Justices Hear Campaign Finance Case
ROBERT SIEGEL, Host:
Well, politics was also a topic of arguments today at the Supreme Court. The subject was the so-called millionaire's amendment to the McCain-Feingold campaign finance law.
The Supreme Court has said the Constitution does not allow limits on how much a candidate can spend of his own money. So, if you are running against a wealthy candidate, the millionaire's provision allows you to raise money from individual contributors in larger chunks than normally permitted.
NPR legal affairs correspondent Nina Totenberg has the story.
NINA TOTENBERG: The stated purpose of the millionaire's amendment is to prevent a regular candidate whose contributions are capped by law from being drowned out by a wealthy candidate who could spend unlimited amounts of his own money.
Jack Davis, a multimillionaire businessman from upstate New York, challenged the provision after he ran twice, unsuccessfully, against a powerful incumbent Republican congressman.
The incumbent raised plenty of money without raising the caps on individual contributions, but Davis still challenged the law as an unconstitutional incumbent's protection act.
M: They got together and put a millionaire's amendment in it to try to keep guys like Jack Davis from being able to challenge them on a even playing field.
BLOCK: Today in the Supreme Court, the justices appear closely divided on the constitutionality of the provision. Representing Jack Davis, lawyer Andrew Herman asserted that even if the harms to wealthy candidates are modest, the law is still unconstitutional.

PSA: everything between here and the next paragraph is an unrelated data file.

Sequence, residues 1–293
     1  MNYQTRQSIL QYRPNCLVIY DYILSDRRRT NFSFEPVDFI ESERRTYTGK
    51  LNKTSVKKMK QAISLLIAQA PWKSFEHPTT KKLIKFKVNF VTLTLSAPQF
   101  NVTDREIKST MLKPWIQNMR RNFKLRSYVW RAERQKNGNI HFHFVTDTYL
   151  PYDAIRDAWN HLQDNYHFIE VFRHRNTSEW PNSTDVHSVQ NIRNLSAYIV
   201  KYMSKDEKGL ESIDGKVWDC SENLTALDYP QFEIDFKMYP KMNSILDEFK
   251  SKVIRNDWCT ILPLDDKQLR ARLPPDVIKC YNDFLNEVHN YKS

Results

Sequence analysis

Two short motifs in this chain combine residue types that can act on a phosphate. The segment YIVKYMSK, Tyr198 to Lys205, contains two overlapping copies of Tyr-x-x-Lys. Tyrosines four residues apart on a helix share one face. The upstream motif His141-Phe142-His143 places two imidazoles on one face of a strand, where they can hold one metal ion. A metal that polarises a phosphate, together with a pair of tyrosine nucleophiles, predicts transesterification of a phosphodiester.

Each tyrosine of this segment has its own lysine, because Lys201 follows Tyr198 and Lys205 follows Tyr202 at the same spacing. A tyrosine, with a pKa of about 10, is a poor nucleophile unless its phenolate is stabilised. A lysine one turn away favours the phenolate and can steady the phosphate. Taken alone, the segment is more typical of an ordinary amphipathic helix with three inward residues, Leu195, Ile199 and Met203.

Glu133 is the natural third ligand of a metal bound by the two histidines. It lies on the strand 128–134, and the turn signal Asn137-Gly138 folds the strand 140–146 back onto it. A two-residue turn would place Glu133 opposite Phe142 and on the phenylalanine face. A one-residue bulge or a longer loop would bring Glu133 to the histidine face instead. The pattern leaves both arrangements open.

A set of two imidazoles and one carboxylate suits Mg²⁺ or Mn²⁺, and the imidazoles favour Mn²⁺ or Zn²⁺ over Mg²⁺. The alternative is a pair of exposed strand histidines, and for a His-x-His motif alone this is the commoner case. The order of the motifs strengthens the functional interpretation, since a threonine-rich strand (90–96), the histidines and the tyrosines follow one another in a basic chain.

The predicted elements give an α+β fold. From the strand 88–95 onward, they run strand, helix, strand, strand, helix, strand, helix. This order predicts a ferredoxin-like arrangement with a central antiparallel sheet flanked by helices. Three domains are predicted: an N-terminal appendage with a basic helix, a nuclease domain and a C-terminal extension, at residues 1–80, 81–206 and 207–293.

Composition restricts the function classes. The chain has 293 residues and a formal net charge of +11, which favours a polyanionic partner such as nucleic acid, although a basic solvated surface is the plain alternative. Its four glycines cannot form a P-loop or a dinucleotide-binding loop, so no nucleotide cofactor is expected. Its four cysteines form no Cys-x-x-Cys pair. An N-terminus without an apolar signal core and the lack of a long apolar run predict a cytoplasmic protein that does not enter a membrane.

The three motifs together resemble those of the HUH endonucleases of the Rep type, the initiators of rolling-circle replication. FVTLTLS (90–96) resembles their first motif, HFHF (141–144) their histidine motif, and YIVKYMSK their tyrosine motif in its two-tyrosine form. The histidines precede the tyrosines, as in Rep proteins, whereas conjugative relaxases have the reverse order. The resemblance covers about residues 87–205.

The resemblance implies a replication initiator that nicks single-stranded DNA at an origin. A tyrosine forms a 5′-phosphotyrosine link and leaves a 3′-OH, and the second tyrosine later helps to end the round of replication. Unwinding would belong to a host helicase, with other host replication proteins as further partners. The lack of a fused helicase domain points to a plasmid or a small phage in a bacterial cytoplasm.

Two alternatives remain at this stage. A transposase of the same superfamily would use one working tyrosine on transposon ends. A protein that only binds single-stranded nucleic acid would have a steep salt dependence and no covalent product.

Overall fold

He immediately faced flak from Chief Justice Roberts. There's no restriction on what a wealthy candidate can spend, said Roberts; he can spend much money as he wants. Herman replied that the law punishes the wealthy candidate by treating him differently, having different disclosure requirements, and enabling opponents to raise more money from individual contributors by tripling the caps in some cases. All of this, asserted Herman, is aimed at chilling the speech of wealthy candidates.
J: Wasn't your client's latest filing that he intends to spend a million dollars in this upcoming election, too, so it didn't deter him? Justice Ginsberg: The purpose of the law is to tell the public that seats in Congress are not there to be bought. Is there an alternative way to do that? Answer: public funding of campaigns. Justice Scalia: Public funding won't level the playing field. Millionaires still will be able to spend their money in unlimited amounts. Anyway, added Scalia, do you think we should trust members of Congress to level the playing field? Answer: No. It's like trusting basketball players to call their own out-of-bounds play.
BLOCK: The political parties are interested in having wealthy candidates run because it presents less strain on party resources. Answer: The parties are only interested in candidates if they win. They're not interested in candidates who spend their own money and lose - candidates like Mitt Romney and other spectacular flame-outs.
After the laughter died down, the Bush administration's chief advocate, Solicitor General Paul Clement, rose to defend the law, observing that candidate Davis's challenge is odd since he has no limits on what he can spend.
J: That means he has to accept the penalty of possible increases on the contribution caps for his opponent. Answer: It's only a penalty if you think there's a right for a wealthy candidate to speak all he wants, and to limit the ability of his opponent to speak.
When Clement suggested that leveling the playing field in a campaign is a legitimate thing to do, Scalia was incredulous. What if one candidate is more eloquent? Could you make him talk with pebbles in his mouth?
Other justices - Kennedy, Alito and Chief Justice Roberts - expressed skepticism about various sections of the millionaire's provision, meaning some or all parts of the law may well be struck down.
Nina Totenberg, NPR News, Washington.
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